Class warfare

Dear Editor:House Speaker John Boehner has called President Obama's tax proposals "class warfare." We're not supposed to talk about "class warfare." Why not? It's always in the background to a certain extent, and came out in the open with the inauguration of George W. Bush in 2001. And in case you haven't noticed, the rich are winning. One of their weapons is the "trickle down" theory, the argument that making the rich richer will somehow help those below. How has that worked? Under the Bush economic program, which is still the Republican mantra today, Forbes reports that there are more rich and they are richer. Welfare rolls report that there are more poor and they are poorer. Obviously the real economic flow has been "trickle up" rather than "trickle down." And when the poor and middle classes didn't have enough left to pass up to the rich, the system crashed anyway. When consumer spending began to increase, it was hailed as a sign of recovery. In reality, it was not just a sign, it was the cause. When an item moves off the shelf, the store has to replace it, so the factory gets a new order. When enough of that occurs, the factory hires more people, who in turn go to stores and make purchases. The rich, no matter how rich, can only use so many products. The real "job creators" are consumers. It's the rest of the public that drives the economy, and the economy can't do better than the average family is doing. The frequently used slogan, "A rising tide lifts all ships," is actually a lie. Those that are firmly anchored to the bottom simply get swamped, and we've seen a lot of that. These have been difficult times. Sacrifice is asked of those seeking education, those needing health care, veterans needing rehabilitation and job training, and workers needing improved mobility through infrastructure. Everyone needs to sacrifice except the wealthy. Talk about entitlements! David Mathews Downey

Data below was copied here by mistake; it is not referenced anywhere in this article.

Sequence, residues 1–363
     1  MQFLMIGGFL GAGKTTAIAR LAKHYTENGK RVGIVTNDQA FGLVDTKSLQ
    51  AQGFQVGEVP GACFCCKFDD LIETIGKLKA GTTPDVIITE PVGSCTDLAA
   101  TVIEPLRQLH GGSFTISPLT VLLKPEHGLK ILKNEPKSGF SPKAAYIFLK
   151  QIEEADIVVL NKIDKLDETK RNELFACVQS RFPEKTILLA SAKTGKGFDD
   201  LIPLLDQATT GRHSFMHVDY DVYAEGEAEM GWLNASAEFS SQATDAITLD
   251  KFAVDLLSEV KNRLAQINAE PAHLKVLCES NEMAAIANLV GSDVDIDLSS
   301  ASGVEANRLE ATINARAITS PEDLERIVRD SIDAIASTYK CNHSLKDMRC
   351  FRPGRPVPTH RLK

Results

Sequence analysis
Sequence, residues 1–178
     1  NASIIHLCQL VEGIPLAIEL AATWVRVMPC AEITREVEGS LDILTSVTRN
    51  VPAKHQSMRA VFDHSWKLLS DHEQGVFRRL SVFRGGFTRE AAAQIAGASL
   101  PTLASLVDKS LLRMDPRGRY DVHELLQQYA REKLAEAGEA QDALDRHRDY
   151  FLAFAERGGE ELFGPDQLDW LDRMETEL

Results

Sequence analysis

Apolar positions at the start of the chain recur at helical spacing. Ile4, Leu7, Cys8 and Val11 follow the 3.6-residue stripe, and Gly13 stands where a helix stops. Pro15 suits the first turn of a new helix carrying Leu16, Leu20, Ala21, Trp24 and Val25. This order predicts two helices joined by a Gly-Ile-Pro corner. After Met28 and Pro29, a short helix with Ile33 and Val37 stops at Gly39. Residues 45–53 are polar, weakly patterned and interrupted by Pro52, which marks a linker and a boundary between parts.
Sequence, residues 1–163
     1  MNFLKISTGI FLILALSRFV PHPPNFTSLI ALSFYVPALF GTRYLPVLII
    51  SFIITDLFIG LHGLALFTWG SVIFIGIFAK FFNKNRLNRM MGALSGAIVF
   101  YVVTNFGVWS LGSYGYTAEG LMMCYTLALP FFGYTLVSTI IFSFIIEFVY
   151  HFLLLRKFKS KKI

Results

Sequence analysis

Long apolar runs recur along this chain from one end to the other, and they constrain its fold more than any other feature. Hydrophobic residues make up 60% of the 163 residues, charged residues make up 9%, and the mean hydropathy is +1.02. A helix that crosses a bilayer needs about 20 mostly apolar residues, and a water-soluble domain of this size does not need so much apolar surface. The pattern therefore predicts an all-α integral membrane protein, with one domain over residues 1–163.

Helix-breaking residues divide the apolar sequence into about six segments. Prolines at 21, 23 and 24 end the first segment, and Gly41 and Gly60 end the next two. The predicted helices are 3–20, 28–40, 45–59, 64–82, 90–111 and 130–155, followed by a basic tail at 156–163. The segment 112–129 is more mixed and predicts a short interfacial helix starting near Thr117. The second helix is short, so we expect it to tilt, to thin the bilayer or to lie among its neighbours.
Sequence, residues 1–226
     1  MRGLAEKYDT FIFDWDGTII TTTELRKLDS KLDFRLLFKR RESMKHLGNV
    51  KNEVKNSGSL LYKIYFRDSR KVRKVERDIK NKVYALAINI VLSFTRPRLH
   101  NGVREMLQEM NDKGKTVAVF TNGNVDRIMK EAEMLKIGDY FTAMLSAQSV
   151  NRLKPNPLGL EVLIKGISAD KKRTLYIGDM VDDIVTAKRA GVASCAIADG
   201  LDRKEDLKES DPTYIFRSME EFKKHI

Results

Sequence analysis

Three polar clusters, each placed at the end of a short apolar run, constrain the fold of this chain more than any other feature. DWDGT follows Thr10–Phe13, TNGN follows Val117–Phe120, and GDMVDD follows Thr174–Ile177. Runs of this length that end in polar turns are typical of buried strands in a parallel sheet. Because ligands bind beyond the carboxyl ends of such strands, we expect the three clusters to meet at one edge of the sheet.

********** Published: May 17, 2012 - Volume 11 - Issue 05